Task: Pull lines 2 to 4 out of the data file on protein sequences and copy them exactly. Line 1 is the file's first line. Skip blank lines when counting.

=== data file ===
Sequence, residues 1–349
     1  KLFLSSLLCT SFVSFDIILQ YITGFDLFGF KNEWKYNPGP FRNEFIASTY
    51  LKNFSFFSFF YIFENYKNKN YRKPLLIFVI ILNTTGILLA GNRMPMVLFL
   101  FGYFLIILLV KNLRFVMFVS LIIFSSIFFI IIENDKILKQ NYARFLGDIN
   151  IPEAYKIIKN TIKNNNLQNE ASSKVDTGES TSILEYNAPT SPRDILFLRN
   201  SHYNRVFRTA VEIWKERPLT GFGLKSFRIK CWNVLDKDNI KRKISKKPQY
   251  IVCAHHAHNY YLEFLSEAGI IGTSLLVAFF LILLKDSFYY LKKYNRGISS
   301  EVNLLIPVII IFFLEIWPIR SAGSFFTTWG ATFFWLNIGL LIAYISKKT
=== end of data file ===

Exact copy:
     1  KLFLSSLLCT SFVSFDIILQ YITGFDLFGF KNEWKYNPGP FRNEFIASTY
    51  LKNFSFFSFF YIFENYKNKN YRKPLLIFVI ILNTTGILLA GNRMPMVLFL
   101  FGYFLIILLV KNLRFVMFVS LIIFSSIFFI IIENDKILKQ NYARFLGDIN